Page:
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Using ATMs Abroad – Ultimate Guide to SAVE MONEY

Using ATMs abroad may seem simple. However, cash is an annoying necessity in a lot of countries. Using an ATM abroad can actually be a simple process. However, you can easily make a few mistakes which can cost you a bit of money.

Using ATMs Abroad – Make Sure you Take More Than one Card

An essential thing you need to do when travelling is to make sure you bring more than one card. There’s always a risk of losing your card or pickpockets stealing your wallet. So having multiple cards will give you a bit of peace of mind. There’s also a chance, an ATM could swallow your card and you’d be in big trouble if you just had the one.

Get a Card That Doesn’t Charge International Fees When Using ATMs Abroad

For a lot of debit cards, you will get charged for every payment you make abroad. It’s an easy way to lose a lot of money. However, it you can easily avoid it with this very simple method. I really recommend getting a card that doesn’t charge international fees. I use a Curve card myself and it’s very convenient to use.

Find ATMs That Don’t Charge Fees

When abroad, many ATMs will charge you a fee because you are using an international card. These fees can be up to £5 and they are it’s a good idea to avoid them. This can be done by finding certain banks that don’t charge these fees. For example, Ziraat Bank in the Balkans is very convenient and doesn’t charge any fees.

Try to Use ATMs at Reputable Banks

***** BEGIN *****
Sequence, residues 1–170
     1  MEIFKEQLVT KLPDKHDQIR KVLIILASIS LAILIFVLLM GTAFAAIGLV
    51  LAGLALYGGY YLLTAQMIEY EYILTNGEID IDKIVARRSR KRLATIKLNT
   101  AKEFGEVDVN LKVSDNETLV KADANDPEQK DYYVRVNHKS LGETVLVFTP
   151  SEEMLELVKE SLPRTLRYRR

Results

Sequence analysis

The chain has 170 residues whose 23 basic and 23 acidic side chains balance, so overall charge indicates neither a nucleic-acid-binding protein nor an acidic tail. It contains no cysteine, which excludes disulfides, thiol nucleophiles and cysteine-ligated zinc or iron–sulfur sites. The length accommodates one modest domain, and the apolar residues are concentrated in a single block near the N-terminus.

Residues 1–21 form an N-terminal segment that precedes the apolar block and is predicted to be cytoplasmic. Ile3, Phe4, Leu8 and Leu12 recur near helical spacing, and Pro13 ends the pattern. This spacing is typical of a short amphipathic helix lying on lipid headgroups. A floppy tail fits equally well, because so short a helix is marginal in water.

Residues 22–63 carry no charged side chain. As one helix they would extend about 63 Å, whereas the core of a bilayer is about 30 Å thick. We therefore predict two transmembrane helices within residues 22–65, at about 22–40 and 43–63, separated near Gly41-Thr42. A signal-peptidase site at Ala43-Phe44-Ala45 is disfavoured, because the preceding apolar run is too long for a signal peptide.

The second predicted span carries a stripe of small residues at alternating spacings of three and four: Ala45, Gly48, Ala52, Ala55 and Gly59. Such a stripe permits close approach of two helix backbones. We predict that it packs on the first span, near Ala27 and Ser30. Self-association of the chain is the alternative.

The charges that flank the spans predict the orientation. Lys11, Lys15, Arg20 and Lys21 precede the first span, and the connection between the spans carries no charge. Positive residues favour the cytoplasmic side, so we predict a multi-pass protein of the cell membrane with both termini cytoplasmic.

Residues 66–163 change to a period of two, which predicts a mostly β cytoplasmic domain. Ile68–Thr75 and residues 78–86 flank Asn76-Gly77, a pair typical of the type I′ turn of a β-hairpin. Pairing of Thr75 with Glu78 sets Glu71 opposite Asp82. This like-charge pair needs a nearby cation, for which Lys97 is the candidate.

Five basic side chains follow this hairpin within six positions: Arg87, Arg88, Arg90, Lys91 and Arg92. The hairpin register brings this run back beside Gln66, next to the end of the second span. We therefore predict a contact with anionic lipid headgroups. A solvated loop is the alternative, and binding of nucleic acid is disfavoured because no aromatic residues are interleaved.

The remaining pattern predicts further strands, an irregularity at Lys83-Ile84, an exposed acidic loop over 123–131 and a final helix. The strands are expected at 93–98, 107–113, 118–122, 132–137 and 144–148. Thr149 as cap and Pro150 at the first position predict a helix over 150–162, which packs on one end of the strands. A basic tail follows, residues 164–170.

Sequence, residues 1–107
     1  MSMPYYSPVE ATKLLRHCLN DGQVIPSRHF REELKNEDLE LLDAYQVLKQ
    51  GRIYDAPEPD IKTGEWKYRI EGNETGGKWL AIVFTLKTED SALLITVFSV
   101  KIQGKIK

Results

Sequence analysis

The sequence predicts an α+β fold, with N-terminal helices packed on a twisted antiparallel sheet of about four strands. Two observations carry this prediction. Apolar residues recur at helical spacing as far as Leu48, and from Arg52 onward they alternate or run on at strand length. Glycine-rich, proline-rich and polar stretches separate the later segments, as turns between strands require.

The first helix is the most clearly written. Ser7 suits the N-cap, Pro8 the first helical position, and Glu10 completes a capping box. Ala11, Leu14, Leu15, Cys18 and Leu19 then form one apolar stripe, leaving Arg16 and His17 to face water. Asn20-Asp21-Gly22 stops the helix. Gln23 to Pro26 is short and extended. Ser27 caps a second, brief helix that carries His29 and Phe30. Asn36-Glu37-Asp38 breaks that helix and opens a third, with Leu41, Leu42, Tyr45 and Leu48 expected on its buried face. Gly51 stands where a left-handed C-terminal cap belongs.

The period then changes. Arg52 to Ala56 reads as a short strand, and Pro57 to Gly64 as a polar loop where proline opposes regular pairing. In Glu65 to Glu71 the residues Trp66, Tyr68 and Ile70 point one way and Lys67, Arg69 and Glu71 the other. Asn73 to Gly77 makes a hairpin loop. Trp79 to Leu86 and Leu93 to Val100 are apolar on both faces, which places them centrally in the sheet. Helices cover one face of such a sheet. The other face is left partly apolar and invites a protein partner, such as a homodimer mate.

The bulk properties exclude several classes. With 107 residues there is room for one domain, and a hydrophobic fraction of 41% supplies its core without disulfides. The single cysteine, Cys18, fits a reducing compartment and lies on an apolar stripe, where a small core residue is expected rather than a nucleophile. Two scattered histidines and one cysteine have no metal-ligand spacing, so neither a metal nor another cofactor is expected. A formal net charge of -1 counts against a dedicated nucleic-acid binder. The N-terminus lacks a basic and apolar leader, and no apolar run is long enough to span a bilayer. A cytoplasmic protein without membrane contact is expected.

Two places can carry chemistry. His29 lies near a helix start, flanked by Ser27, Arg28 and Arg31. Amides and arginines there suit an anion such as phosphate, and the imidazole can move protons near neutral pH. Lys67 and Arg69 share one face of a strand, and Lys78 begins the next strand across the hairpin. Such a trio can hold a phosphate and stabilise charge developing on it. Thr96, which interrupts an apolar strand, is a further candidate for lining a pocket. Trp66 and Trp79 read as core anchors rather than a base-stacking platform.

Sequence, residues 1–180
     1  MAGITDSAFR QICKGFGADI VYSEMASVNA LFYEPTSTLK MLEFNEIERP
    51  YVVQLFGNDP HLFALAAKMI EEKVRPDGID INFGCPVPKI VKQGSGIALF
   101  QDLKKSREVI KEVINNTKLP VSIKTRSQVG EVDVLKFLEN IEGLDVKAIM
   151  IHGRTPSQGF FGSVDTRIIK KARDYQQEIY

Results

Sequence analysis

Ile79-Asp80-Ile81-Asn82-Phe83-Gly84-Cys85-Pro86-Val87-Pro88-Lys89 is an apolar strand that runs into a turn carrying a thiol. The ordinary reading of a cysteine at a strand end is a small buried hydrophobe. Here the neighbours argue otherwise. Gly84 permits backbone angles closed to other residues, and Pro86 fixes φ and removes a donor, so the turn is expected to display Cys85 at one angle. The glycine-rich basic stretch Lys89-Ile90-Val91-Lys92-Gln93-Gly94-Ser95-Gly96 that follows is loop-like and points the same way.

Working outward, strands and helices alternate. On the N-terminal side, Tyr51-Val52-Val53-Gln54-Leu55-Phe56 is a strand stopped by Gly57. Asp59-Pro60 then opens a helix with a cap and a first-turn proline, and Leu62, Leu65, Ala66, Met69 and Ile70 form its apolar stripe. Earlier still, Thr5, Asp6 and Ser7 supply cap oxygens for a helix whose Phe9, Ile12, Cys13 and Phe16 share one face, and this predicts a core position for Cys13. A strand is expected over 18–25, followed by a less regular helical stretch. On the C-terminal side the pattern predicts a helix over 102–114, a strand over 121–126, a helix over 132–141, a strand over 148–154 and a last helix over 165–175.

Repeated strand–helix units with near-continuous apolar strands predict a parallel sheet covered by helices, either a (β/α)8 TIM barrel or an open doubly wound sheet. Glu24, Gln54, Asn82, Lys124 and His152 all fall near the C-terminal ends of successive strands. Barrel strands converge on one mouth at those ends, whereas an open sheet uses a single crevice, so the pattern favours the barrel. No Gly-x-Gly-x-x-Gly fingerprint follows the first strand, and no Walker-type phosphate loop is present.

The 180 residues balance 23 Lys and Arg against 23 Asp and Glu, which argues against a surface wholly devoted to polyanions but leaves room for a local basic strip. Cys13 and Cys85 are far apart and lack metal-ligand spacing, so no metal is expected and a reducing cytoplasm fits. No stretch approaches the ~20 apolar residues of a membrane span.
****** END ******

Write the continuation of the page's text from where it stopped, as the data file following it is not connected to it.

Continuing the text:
Just like how it’s important to find an ATM that won’t greedily charge you. It’s also a good idea to use an ATM at a well-known bank rather than one off the street. This is because these banks will have ATMs which are easier to use. Moreover, when you’re in Europe it’s important to avoid Euronet ATMs like the plague. These ATMs pull every trick in the book to essentially charge money from you for a service that should be free.


This is probably the most common way in which people lose their money when using ATMs. ATMs will almost always give you a terrible conversion as a way to take advantage of you. A lot of people fall for this because they think the ‘decline’ option means cancelling the transaction. However, it actually means that you’re getting charged in the local currency instead of your own. This also means your bank does the conversion for you and will give you a better rate.

If you enjoyed reading this be sure to check out some of my backpacking adventures:

Backpacking in Belgrade

Backpacking in Sokcho


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